NTEU welcomes UA sexual harassment survey, but sexual harassment remains a serious workplace risk

NTEU welcomes UA sexual harassment survey, but sexual harassment remains a serious workplace risk.

While welcoming the announcement by Universities Australia (UA) of the second national survey into sexual harassment and assaults on university campuses, the National Tertiary Education Union (NTEU) has hit back at a lack of commitment to addressing the safety and health of members of their workforce who are also subject to sexual assault and harassment.

Universities have an obligation to provide a safe working environment for their staff as well as their students, which includes protection against sexual harassment, and sexual assault.”

In response to the previous survey initiated by UA and conducted by the Australian Human Rights Commission (AHRC), NTEU conducted a national survey of members working in universities.

NTEU President Dr Alison Barnes said, “The results of our own survey showed that the culture of sexual harassment on campuses that AHRC identified applies to staff as much as it applies to students. Just under one- in-five respondents said that they had personally experienced sexual harassment in the workplace and, alarmingly, just under 40% of all respondents said that they were aware of others who had been sexually harassed in their workplace.”

“Universities say that they have improved their education, reporting and complaints processes for students. Yet our survey showed there to be extremely low rates of reporting for staff, who are in the same environments and often dealing with the same perpetrators of harassment and assault. Only 3% of men and 6% of women who had reported sexual harassment reported that they had made a formal complaint.”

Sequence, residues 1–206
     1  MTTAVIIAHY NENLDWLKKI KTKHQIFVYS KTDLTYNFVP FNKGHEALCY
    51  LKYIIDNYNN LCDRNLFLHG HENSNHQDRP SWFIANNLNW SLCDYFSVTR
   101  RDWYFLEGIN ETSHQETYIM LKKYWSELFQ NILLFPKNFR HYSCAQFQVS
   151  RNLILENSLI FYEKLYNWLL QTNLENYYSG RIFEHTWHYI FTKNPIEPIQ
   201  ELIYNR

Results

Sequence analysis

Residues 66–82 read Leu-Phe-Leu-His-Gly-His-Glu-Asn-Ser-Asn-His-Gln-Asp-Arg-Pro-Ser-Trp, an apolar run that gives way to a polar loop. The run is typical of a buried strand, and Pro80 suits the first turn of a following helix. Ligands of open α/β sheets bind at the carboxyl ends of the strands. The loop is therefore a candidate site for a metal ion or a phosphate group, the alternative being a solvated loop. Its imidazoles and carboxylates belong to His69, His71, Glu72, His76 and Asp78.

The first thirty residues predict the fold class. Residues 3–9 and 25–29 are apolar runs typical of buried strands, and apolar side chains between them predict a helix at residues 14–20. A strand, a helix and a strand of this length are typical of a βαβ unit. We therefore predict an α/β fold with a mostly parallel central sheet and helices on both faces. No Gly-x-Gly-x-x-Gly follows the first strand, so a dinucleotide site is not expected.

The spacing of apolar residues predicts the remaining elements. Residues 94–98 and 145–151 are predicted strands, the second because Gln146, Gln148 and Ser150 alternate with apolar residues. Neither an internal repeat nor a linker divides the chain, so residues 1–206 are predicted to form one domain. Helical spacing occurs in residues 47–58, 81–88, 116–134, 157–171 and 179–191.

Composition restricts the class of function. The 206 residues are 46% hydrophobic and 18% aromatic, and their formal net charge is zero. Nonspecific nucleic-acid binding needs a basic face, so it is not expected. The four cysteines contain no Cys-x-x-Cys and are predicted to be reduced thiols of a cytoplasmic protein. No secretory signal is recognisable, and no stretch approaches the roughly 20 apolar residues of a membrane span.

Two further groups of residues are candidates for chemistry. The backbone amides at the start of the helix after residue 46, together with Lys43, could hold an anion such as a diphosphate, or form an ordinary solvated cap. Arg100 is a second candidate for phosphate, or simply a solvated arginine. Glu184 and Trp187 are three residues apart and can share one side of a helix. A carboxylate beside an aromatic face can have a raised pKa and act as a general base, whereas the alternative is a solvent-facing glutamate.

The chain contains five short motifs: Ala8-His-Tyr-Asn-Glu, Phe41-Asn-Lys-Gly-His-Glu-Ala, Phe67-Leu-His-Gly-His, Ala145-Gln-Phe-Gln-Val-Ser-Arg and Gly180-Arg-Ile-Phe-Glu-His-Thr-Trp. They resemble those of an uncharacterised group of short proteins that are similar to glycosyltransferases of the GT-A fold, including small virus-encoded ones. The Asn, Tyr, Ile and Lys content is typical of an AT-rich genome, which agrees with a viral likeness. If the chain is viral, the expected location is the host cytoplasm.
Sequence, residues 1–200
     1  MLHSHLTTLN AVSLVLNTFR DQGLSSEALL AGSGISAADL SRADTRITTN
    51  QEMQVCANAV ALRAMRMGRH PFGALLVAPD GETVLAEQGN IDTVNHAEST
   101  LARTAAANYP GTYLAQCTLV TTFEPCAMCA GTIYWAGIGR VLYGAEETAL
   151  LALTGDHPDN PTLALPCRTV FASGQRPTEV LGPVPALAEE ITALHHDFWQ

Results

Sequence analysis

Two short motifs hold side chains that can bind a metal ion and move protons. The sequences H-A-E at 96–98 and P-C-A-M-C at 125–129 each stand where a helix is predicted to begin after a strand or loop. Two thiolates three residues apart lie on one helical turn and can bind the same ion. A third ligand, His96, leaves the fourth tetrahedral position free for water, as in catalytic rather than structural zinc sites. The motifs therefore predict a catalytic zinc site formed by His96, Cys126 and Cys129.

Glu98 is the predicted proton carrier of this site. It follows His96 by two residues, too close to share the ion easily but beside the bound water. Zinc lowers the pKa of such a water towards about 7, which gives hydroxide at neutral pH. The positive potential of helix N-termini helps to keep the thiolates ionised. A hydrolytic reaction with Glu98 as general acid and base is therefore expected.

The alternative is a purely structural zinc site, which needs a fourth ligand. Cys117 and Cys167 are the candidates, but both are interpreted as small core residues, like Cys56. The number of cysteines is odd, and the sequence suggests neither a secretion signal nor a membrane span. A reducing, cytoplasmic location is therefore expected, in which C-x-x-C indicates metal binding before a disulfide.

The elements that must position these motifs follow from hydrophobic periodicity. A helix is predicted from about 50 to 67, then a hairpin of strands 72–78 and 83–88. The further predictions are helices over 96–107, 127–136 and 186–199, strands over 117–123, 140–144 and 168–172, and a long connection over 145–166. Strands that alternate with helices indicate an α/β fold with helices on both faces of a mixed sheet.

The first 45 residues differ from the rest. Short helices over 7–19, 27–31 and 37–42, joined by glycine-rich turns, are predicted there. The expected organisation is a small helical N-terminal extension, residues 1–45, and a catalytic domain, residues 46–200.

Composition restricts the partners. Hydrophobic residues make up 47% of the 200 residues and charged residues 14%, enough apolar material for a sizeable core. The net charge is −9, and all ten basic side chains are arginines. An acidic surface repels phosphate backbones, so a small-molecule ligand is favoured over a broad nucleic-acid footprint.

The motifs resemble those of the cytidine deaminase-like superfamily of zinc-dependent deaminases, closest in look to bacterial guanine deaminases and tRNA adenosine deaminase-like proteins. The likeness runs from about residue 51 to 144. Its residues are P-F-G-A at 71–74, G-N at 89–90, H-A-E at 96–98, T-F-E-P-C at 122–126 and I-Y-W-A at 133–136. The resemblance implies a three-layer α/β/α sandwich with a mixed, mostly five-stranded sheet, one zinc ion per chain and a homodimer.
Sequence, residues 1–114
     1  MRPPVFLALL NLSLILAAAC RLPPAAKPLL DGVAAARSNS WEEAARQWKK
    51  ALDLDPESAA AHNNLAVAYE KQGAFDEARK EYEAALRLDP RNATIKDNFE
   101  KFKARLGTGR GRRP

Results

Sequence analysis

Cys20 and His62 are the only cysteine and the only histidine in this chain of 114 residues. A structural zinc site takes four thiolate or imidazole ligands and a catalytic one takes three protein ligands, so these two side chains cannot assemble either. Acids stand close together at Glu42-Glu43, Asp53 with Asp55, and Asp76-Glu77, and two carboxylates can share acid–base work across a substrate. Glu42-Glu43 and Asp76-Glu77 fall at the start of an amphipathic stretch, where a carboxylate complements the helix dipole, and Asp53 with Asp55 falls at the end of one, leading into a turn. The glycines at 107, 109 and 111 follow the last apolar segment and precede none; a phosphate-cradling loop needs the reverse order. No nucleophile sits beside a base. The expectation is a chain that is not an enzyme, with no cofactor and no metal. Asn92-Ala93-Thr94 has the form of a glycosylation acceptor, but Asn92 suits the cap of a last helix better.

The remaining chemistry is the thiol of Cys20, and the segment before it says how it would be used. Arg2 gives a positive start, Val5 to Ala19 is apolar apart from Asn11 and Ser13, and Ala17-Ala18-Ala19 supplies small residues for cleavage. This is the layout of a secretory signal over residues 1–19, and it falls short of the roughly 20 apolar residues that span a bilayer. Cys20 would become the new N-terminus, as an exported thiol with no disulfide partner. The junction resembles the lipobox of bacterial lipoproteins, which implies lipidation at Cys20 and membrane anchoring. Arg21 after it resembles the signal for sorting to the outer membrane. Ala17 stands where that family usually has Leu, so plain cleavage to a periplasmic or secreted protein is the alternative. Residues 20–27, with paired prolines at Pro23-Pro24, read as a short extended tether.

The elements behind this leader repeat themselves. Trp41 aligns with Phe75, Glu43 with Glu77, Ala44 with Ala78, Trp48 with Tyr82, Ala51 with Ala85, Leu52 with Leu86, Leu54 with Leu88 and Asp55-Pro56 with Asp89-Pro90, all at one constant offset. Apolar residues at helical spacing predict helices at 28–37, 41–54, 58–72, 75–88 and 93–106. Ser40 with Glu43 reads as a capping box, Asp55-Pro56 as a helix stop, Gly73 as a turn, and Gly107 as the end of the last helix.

Dr Barnes said, “We welcome the decision by UA and universities to use this second survey as a way of reviewing the strategies that they have put in place following the first student focused survey on sexual harassment.”

“They have an equally important obligation to also ensure that the processes they have in place for staff who have experienced sexual harassment and assault are effective and trusted by staff.”

“Employers must treat sexism, sexual harassment and assault as serious workplace health and safety risks and take responsibility for ensuring that our workplaces are safe and free from threats of sexual harassment and gender based discrimination.” Dr Barnes said.

“We call on universities to engage with the NTEU on addressing sexual harassment in the workplace and to demonstrate the same commitment to researching the issue and improving procedures as they are for students”

“Finally, the Australian government needs to sign onto new ILO Convention on Violence and Harassment in the World of Work later this year, which treats sexual harassment as a workplace risk.” Dr Barnes said.

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